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Disney Plus is making a live-action Gargoyles series, skeptical question mark?

From… a frequent James Wan collaborator on the Annabelle movies, even more skeptical question mark?

A scene from the 1990s Disney animated TV series Gargoyles, featuring gargoyle characters Goliath, Lexington, Brooklyn, and Broadway Image: Buena Vista Television/Everett Collection
Tasha Robinson leads Polygon’s movie coverage. She’s covered film, TV, books, and more for 20 years, including at The A.V. Club, The Dissolve, and The Verge.

Spend any time talking to Greg Weisman, creator of the 1990s animated series Gargoyles, and a few things are sure to come up: Yes, he’s interested in continuing Gargoyles, which was cut off mid-story, and which maintains a cult following to this day. And yes, he’s open to a live-action version. But Walt Disney Studios, which owns the rights to the show, has been playing around with that idea for decades, and every time it almost gets off the ground, something changes and it gets scuttled.

Now, according to The Hollywood Reporter, a live-action TV series for Disney Plus is actually being written and produced. But take that with a grain of salt — there are a lot of challenges in any new version of Gargoyles, and it’s still very early in the series’ potential development.

According to THR’s report, the new Gargoyles is being developed and produced by writer-producer Gary Dauberman, known for his work on the Conjuring horror-movie spin-offs Annabelle, Annabelle: Creation (which he wrote), and Annabelle Comes Home (which he wrote and directed, from a story he developed with The Conjuring director James Wan). Dauberman has been signed as writer, showrunner, and executive producer on the new series. James Wan’s company Atomic Monster would executive produce the show.

The idea of putting a kid-friendly adventure like Gargoyles in the hands of someone best known for bloody, graphic horror movies feels a bit odd: Dauberman also scripted the Conjuring spin-offs The Nun and The Nun II, and the Stephen King adaptations It and It: Chapter Two, directed by Andy Muschietti. But while Gargoyles has the slightest tinge of gothic horror, it isn’t a horror series. Its story, about a species of creatures who sleep in stone form by day and revive as living beings by night, is more of a modern urban fantasy. In the pilot episodes, the gargoyle Goliath and a few of his warrior tribe are put under a spell that keeps them in stone form for a century. They go to sleep in medieval Scotland and wake up a thousand years later in Manhattan in 1994, now in the hands of a man so Machiavellian, there’s an entire trope about airtight schemes named after him.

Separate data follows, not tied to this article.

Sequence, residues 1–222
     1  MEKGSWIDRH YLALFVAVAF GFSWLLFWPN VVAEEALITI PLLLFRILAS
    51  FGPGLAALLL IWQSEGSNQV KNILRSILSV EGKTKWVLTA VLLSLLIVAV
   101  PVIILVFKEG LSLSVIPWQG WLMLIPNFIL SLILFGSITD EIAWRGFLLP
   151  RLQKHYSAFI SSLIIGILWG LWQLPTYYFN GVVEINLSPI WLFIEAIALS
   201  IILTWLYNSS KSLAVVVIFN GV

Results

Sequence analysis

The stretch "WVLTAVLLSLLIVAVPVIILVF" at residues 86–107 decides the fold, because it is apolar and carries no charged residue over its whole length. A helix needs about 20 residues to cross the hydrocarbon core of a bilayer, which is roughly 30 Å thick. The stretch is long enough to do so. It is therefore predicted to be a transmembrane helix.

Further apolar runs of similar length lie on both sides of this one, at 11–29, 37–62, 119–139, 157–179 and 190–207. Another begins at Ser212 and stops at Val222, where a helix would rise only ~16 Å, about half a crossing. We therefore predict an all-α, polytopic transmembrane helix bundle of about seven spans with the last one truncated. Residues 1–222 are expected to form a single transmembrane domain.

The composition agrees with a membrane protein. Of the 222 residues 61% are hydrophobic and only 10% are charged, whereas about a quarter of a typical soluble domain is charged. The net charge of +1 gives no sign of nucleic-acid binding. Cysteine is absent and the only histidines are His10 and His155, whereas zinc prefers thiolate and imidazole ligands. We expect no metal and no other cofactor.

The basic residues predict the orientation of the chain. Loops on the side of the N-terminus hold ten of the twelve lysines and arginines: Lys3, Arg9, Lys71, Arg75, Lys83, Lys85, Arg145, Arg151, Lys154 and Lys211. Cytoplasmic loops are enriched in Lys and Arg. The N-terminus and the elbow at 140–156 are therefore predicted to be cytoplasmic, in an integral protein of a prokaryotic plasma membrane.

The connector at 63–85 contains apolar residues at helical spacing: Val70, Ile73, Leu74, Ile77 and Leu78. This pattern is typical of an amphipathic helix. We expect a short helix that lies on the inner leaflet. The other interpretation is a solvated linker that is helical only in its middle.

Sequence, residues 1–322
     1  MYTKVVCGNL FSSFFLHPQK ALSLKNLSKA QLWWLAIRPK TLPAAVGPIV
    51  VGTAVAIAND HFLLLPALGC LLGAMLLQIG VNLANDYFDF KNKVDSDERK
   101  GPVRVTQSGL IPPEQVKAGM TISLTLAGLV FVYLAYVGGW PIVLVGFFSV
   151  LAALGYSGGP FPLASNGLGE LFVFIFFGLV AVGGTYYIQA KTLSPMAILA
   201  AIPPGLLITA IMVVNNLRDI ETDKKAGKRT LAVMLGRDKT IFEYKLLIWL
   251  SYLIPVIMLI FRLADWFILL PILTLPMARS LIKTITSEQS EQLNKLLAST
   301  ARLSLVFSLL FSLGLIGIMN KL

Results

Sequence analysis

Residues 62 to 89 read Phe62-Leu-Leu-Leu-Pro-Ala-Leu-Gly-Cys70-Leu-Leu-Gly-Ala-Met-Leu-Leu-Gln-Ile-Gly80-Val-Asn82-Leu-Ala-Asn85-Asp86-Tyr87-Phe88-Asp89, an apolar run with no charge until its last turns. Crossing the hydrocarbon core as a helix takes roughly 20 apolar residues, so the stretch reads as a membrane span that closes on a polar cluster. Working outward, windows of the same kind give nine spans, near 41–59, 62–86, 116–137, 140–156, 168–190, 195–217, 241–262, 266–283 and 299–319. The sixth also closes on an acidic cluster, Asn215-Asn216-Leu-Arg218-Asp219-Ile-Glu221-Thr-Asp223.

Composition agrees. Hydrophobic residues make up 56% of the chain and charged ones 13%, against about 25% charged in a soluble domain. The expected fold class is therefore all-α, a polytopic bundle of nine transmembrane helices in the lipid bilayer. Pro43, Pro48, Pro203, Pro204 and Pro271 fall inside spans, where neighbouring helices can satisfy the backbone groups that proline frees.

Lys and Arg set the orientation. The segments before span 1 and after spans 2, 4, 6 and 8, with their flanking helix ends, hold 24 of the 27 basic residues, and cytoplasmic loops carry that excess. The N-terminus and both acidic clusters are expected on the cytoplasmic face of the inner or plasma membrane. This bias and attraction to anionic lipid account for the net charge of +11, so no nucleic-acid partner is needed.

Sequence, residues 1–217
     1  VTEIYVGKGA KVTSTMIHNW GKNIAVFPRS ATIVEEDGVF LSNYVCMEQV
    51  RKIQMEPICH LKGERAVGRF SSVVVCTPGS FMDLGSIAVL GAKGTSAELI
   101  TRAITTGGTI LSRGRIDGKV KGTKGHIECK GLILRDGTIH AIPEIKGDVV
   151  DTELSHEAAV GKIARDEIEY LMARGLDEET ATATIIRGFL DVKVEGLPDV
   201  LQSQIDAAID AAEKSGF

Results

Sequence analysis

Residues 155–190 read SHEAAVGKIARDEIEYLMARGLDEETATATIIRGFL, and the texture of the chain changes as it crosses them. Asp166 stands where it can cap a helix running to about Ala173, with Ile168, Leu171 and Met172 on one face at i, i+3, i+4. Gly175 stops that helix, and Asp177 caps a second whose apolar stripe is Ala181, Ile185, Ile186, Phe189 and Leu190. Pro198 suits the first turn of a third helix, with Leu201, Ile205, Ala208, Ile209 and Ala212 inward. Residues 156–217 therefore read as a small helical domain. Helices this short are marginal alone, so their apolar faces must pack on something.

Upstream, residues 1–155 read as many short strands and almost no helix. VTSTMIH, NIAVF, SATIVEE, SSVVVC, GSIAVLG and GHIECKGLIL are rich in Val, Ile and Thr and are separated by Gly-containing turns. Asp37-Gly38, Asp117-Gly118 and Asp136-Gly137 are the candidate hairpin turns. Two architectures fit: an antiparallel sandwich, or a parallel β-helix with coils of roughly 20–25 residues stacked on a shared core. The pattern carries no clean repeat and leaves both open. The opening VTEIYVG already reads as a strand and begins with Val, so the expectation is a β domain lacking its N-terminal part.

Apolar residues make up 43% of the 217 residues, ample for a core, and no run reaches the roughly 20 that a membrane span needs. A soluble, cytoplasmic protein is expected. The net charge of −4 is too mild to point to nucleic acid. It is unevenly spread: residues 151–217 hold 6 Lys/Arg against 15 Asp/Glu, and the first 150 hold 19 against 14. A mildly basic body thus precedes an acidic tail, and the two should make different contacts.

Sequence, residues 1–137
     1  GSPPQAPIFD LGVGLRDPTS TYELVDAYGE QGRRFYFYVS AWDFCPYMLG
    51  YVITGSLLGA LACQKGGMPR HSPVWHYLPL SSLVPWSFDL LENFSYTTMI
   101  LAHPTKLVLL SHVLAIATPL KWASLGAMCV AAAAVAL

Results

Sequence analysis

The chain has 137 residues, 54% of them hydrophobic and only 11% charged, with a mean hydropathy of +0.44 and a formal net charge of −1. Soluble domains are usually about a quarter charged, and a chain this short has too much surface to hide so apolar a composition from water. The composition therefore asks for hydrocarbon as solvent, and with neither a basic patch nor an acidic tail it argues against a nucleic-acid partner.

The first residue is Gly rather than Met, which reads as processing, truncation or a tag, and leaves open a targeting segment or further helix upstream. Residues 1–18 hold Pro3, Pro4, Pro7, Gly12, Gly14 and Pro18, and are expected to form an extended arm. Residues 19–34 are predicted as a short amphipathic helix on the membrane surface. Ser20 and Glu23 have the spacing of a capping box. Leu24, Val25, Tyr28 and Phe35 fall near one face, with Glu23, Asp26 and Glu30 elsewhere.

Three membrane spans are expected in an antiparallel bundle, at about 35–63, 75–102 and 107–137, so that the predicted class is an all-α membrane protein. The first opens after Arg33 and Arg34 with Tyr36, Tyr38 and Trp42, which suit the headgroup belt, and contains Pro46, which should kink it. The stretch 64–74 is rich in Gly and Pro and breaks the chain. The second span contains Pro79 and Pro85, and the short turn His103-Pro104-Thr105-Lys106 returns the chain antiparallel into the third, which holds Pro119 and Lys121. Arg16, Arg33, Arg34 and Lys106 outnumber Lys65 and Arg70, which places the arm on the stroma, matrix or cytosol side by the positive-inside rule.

A man with a brown goatee and ponytail wearing a black coat and gloves kneels next to a stone gargoyle covered in ivy plants Image: Walt Disney Television Animation

In the animated series’ original three-season run from 1994 to 1997, Gargoyles took its characters around the world and introduced a wide variety of settings and characters, so there’s plenty of fodder for a series that wouldn’t just be a straight live-action reboot. But Variety also reported on the series in progress, with a summary of the new show that’s so similar to the summary of the old show, it suggests Dauberman is just remaking the animated series. Except that summary suggests all gargoyle characters besides Goliath will be eliminated from the new story:

The current logline for the project reads: “Based on the cult classic Disney animated series, Goliath is the last of a heroic race of gargoyle warriors who once lived among mankind. Free from a centuries long curse that turned him into stone, Goliath struggles to solve the mystery of his past while watching over modern-day New York City alongside police detective Elisa Maza.”

The series’ reliance on inhuman creatures as the main characters would make a live-action adaptation an expensive prospect, which could explain the decision to cut all the subsidiary characters and leave Goliath as the only remaining gargoyle.

Polygon spoke to Weisman in 2020, when it became apparent that Gargoyles would stream on the newly launched Disney Plus and potentially spark a new generation of fandom, and he said previous discussions about a live-action Gargoyles reboot or spinoff were derailed when Disney bought Lucasfilm and Marvel: “Why take a chance on what they viewed as an obscure 1990 show with a cult following, when you can just do a Spider-Man cartoon, or a Star Wars cartoon?” he asked at the time. “Why take a risk on a huge-budgeted Gargoyles live-action feature that might bomb, when you could make another Marvel movie?”

Disney’s Marvel projects have been making less money than expected over the past several years, resulting in the company scaling back its plans for the MCU franchise’s future. That leaves more room for new projects like a potential Gargoyles reboot. It remains to be seen exactly what Dauberman has in mind for the franchise in terms of scope and tone, and whether the new series beats the odds for adaptations in development, and actually makes it to the screen. No word yet on whether Weisman will be involved, but when Polygon reached him to ask, he replied that he has no comment to make at this time.

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